Good News

June 5, 2013

On May 31, the Associated Press reported that Medicare looks a little better and Social Security doesn’t look any worse. The Medicare inpatient care fund should last until 2026, two years longer than previously estimated, and Social Security will be solvent until 2033, as predicted last year.

About 8.8 million adults receive disability payments. Factor in their children, and you’ve got nearly 11 million U.S. residents relying on this program, which according to averages $700 to $1,400 per month.

In the very near future these payments could be reduced by one-fifth. Why isn’t this considered a crisis?

Several reasons come to mind: 

The disabled population is relatively small. Currently, 40 million retirees receive Social Security and that number is rising fast — every day, 10,000 people turn 65.

The elderly are better organized. Simply put, baby boomers vote and the AARP is a pretty fierce lobbyist. By contrast, plenty of disabled people spend most of their time and energy dealing with the ramifications of their health issues, getting medical care, and navigating insurance and social service bureaucracies.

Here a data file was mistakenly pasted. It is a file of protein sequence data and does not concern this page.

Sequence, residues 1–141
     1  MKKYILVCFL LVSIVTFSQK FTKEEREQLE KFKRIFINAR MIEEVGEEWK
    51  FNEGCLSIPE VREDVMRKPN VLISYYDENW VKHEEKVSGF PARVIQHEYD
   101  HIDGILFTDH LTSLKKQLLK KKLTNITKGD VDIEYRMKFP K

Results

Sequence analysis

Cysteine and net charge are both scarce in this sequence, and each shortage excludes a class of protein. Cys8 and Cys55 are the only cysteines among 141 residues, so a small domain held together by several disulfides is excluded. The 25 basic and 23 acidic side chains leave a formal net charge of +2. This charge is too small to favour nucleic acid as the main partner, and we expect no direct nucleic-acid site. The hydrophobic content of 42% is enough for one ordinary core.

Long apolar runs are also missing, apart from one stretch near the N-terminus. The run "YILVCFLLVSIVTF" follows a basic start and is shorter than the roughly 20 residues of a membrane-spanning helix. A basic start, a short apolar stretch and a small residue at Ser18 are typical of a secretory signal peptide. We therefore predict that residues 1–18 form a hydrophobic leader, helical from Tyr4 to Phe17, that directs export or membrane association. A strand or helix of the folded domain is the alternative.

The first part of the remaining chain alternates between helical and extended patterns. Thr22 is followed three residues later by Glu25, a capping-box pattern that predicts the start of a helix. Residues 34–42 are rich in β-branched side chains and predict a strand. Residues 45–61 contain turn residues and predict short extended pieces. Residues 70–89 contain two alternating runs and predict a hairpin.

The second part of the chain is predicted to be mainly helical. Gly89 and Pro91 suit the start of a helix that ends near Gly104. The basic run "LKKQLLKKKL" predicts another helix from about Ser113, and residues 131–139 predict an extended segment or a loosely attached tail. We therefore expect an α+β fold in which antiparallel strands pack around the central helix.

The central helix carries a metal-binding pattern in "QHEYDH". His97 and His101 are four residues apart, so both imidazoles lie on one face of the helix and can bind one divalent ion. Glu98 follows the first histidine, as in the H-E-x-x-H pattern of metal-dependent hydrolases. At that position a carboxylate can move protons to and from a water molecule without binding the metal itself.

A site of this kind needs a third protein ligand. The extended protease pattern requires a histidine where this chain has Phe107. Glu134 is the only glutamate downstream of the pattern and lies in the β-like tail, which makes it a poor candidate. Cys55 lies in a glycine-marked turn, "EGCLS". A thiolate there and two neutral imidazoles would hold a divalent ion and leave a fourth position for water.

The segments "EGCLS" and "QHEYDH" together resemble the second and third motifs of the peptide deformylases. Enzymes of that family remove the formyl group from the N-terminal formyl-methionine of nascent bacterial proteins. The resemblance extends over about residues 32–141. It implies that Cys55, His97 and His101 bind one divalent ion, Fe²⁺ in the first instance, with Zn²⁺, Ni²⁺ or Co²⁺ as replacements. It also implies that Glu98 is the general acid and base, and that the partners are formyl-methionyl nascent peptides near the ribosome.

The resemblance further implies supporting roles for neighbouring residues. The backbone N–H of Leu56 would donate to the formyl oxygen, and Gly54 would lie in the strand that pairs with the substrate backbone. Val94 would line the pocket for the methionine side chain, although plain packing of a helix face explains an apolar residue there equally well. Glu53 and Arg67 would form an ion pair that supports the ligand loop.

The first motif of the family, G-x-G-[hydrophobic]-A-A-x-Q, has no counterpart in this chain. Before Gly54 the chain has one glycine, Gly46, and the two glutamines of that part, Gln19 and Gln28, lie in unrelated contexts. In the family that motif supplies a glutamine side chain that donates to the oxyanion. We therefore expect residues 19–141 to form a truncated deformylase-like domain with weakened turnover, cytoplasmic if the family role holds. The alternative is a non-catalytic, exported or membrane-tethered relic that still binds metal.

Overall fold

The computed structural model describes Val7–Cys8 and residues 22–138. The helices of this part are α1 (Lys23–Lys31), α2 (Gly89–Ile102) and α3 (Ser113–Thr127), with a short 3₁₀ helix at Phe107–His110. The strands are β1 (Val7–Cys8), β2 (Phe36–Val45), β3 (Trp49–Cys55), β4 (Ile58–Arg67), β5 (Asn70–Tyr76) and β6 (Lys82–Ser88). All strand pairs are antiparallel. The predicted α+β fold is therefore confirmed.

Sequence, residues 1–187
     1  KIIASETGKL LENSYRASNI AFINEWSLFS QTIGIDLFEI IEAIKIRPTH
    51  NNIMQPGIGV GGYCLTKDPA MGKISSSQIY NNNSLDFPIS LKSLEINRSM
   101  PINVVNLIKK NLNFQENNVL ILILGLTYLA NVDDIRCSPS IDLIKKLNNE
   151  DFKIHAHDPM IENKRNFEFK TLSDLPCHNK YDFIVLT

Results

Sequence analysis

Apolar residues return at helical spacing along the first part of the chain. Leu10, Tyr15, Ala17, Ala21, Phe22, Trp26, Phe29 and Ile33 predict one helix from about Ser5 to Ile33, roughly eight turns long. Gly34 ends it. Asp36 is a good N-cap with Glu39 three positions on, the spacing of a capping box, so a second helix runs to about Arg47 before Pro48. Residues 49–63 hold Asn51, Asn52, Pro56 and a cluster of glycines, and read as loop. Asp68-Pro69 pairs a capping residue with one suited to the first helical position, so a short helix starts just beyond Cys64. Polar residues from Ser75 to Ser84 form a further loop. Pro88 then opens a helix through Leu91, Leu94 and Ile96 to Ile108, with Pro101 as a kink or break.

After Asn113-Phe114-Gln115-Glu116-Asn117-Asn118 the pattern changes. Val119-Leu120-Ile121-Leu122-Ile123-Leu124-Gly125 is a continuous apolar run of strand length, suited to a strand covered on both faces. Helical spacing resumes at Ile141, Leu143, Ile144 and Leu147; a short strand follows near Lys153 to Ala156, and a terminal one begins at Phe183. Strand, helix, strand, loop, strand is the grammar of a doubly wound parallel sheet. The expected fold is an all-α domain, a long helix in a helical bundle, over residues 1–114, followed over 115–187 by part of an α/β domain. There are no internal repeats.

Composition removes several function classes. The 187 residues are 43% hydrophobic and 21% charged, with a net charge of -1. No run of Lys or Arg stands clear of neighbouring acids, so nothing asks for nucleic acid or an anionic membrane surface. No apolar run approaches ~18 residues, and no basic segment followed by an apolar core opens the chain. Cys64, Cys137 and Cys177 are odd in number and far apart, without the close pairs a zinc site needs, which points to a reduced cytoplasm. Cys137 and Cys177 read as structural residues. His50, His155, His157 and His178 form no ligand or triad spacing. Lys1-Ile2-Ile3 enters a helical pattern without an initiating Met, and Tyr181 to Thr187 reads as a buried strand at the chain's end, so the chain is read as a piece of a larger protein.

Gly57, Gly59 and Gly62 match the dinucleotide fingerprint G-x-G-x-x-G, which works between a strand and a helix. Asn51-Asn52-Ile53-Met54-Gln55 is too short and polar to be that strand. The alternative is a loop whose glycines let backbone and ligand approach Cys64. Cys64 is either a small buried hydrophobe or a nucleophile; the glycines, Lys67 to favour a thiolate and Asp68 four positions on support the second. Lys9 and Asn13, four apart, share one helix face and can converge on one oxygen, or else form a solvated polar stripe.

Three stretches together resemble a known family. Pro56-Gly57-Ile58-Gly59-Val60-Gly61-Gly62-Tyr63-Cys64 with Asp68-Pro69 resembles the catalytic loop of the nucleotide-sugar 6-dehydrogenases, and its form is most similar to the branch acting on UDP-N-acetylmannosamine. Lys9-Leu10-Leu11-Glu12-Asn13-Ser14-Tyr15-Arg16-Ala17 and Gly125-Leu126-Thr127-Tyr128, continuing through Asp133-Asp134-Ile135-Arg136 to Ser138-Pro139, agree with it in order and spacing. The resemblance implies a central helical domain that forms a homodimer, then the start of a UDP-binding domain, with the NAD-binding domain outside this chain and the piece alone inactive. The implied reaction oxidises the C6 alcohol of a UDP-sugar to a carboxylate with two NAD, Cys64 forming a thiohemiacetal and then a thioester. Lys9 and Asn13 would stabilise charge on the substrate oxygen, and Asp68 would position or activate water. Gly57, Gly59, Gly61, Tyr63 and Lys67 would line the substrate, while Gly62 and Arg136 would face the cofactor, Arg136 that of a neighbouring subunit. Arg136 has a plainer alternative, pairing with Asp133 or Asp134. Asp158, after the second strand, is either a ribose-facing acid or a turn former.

Misperceptions are pervasive. Everybody seems to know a guy whose “bad back” keeps him from working but doesn’t interfere with his gardening, remodeling or dancing. When MSN Money ran an article called “Is America the land of opportunity — or the land of disability?,” plenty of the 740 commenters railed about laziness and “playing the system.”

No doubt those people exist, and shame on them. But according to the nonprofit National Academy of Social Insurance, many recipients have multiple and/or life-threatening conditions. About 1 in 5 one in five men and nearly one in six women die within five years of being approved for the payments.

Reducing the payments that our citizens need to survive and largely put back into their local economies would do these individuals a disservice and is a breach of the implied promise that the payment of Social Security taxes conveys.


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